There are two different type of interferometers that could be implemented: either the Michelson interferometer or the Fabry-Perot interferometer. These devices compromise either spectral or spatial resolution in order to achieve their speed advantage.
Hyperspectral imaging is part of a class of techniques commonly referred to as spectral imaging or spectral analysis. Hyperspectral imaging is related to multispectral imaging. The distinction between hyper- and multi-spectral is sometimes based on an arbitrary "number of bands" or on the type of measurement, depending on what is appropriate to the purpose.
Multispectral imaging deals with several images at discrete and somewhat narrow bands. Being "discrete and somewhat narrow" is what distinguishes multispectral in the visible from color photography. A multispectral sensor may have many bands covering the spectrum from the visible to the longwave infrared. Multispectral images do not produce the "spectrum" of an object. Landsat is an excellent example of multispectral imaging.
Hyperspectral deals with imaging narrow spectral bands over a continuous spectral range, and produce the spectra of all pixels in the scene. So a sensor with only 20 bands can also be hyperspectral when it covers the range from 500 to 700 nm with 20 bands each 10 nm wide. (While a sensor with 20 discrete bands covering the VIS, NIR, SWIR, MWIR, and LWIR would be considered multispectral.)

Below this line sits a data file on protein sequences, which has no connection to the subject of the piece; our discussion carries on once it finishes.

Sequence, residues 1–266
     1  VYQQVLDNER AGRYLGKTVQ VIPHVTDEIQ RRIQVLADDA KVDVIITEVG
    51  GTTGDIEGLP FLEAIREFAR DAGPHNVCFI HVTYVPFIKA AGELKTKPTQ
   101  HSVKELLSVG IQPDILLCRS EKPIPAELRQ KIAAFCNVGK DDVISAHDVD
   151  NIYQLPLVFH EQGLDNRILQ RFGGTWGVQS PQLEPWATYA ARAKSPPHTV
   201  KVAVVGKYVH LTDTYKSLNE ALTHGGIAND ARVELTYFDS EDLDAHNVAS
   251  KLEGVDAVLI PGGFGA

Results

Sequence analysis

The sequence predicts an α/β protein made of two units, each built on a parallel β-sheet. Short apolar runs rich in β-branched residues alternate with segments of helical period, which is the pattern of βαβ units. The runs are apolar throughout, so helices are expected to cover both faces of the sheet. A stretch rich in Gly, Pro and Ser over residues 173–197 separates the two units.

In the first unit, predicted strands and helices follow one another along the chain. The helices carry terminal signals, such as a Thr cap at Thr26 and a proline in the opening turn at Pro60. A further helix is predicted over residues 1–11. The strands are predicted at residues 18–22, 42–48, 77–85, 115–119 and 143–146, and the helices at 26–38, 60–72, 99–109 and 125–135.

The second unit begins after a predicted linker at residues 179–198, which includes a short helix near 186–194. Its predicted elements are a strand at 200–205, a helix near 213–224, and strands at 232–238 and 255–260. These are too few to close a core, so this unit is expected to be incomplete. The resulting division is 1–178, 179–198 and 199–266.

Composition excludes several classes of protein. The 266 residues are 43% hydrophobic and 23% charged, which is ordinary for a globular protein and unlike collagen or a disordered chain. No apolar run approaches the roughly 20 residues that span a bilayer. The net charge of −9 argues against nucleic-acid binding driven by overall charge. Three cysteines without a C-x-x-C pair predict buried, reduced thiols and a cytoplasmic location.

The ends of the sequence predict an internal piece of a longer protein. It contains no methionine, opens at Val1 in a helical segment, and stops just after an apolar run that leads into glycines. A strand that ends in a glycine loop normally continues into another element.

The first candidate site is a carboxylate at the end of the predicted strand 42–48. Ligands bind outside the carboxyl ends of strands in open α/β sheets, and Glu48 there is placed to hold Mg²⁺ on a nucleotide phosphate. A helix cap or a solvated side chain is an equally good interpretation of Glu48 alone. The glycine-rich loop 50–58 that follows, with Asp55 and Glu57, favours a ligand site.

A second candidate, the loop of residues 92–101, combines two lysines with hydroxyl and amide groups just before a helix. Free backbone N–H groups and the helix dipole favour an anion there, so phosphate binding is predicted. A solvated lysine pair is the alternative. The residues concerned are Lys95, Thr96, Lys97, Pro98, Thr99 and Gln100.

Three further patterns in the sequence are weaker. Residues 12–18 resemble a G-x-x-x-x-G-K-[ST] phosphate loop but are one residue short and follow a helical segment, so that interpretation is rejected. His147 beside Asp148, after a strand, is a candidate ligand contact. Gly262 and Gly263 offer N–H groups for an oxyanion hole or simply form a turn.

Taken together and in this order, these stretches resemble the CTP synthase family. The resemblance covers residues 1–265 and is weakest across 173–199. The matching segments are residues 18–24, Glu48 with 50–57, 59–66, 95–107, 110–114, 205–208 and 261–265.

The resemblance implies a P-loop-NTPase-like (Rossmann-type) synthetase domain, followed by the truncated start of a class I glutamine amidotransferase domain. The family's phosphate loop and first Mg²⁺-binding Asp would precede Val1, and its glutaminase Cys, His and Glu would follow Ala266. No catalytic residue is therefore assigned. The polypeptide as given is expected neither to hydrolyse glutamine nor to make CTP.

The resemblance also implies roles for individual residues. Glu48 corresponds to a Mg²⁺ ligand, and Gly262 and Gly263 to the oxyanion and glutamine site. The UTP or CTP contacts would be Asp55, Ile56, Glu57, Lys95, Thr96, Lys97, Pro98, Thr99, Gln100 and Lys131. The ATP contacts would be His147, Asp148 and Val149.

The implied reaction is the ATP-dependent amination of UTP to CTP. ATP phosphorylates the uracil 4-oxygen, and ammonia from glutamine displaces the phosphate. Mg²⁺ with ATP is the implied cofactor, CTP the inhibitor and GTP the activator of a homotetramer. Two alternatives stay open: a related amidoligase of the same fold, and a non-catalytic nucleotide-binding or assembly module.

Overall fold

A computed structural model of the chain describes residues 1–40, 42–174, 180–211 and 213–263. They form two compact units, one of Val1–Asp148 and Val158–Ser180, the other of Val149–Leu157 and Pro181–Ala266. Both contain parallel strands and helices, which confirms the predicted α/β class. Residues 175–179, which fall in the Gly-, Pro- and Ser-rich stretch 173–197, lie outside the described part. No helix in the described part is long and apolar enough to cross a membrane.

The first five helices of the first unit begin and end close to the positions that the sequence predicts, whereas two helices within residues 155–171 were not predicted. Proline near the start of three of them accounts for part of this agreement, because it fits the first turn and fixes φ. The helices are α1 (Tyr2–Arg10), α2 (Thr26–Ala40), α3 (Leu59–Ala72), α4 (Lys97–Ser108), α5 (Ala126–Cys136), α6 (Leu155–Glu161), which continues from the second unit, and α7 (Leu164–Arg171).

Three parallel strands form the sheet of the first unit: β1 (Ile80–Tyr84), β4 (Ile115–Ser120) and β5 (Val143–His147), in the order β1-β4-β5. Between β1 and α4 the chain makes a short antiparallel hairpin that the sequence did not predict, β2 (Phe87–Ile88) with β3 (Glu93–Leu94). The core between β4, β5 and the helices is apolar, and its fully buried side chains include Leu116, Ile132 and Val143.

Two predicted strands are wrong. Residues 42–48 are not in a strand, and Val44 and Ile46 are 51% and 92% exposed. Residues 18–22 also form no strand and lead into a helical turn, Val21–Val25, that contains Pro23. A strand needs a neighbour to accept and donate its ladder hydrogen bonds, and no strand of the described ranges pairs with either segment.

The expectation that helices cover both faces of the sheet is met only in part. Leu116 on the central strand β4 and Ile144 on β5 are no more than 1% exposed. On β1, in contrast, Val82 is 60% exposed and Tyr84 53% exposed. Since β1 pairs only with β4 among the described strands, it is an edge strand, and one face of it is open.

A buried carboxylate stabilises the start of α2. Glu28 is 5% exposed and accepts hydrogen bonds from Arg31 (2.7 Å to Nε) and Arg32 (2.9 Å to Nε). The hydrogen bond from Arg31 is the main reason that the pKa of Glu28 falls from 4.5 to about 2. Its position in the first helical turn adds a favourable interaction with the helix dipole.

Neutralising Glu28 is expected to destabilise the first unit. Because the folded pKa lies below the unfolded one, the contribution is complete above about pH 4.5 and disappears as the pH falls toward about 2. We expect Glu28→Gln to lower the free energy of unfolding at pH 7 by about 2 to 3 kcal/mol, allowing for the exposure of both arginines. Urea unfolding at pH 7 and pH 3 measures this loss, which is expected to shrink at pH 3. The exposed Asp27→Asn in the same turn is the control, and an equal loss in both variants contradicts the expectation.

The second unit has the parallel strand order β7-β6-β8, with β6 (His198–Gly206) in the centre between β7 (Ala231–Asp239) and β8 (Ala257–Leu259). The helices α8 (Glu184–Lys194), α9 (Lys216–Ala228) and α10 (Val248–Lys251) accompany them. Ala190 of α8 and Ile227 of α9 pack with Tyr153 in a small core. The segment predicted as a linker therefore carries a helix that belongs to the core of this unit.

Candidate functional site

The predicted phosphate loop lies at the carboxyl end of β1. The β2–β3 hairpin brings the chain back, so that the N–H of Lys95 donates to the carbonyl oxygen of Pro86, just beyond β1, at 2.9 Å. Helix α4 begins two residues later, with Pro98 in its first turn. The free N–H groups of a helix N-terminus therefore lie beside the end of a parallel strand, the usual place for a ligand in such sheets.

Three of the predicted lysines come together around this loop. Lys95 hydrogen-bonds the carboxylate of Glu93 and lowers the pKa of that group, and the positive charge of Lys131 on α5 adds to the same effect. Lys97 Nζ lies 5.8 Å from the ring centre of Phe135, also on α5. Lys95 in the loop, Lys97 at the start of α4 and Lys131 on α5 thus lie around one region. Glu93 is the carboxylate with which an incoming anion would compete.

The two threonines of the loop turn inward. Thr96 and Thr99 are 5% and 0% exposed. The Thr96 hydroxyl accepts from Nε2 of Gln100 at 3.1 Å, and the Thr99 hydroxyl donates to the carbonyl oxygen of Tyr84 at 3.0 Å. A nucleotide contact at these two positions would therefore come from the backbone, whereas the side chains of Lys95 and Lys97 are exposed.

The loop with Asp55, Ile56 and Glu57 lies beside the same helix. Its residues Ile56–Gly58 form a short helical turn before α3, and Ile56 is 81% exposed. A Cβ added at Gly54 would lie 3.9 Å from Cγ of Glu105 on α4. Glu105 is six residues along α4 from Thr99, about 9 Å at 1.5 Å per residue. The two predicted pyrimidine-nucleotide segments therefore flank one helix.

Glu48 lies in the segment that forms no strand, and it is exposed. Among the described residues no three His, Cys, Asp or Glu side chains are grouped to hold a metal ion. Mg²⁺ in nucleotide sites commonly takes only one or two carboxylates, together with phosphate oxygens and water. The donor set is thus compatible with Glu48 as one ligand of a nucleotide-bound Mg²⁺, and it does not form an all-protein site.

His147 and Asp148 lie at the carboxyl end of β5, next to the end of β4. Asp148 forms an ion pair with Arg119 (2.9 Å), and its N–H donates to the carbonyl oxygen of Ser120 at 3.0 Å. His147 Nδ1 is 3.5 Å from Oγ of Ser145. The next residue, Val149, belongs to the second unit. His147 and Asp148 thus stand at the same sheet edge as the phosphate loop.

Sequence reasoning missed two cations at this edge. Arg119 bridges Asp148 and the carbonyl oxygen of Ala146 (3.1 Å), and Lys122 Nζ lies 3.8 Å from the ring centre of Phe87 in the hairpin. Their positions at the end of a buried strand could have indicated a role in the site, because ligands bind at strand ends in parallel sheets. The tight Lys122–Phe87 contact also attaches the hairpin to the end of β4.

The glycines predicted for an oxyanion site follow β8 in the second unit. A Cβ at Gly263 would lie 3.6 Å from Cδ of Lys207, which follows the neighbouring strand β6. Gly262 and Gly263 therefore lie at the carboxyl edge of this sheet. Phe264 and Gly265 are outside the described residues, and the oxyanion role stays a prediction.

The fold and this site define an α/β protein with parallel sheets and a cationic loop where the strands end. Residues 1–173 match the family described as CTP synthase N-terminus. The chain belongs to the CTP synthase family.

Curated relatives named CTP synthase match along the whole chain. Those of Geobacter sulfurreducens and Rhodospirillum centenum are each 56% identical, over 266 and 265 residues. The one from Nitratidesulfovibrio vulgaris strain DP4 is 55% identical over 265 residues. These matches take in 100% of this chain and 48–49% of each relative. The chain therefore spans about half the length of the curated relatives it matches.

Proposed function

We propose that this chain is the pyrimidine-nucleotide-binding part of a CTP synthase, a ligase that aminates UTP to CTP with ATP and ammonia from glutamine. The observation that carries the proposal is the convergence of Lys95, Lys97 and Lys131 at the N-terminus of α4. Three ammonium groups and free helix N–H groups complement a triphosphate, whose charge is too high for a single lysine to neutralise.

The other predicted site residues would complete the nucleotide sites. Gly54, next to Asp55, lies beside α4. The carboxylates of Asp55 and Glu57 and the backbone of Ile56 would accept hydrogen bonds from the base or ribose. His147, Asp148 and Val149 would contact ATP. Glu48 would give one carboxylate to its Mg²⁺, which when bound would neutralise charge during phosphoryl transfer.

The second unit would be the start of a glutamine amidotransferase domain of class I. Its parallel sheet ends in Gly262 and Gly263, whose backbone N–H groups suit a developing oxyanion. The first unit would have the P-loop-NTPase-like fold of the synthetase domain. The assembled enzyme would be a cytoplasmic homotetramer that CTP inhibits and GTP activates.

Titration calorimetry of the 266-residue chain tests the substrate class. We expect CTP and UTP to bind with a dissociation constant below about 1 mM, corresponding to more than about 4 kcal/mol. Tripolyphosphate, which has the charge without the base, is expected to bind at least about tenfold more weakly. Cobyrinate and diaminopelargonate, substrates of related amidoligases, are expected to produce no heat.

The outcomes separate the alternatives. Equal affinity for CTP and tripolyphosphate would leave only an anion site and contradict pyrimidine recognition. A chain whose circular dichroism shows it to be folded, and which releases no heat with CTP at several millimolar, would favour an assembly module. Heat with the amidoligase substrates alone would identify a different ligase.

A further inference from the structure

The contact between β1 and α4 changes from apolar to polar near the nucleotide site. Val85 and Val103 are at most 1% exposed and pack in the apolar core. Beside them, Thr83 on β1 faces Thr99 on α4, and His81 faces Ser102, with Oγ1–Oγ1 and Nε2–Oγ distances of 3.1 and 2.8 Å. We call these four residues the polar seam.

'Ultraspectral' could be reserved for interferometer type imaging sensors with a very fine spectral resolution. These sensors often have (but not necessarily) a low spatial resolution of several pixels only, a restriction imposed by the high data rate.
Hyperspectral remote sensing is used in a wide array of applications. Although originally developed for mining and geology (the ability of hyperspectral imaging to identify various minerals makes it ideal for the mining and oil industries, where it can be used to look for ore and oil), it has now spread into fields as widespread as ecology and surveillance, as well as historical manuscript research, such as the imaging of the Archimedes Palimpsest. This technology is continually becoming more available to the public. Organizations such as NASA and the USGS have catalogues of various minerals and their spectral signatures, and have posted them online to make them readily available for researchers.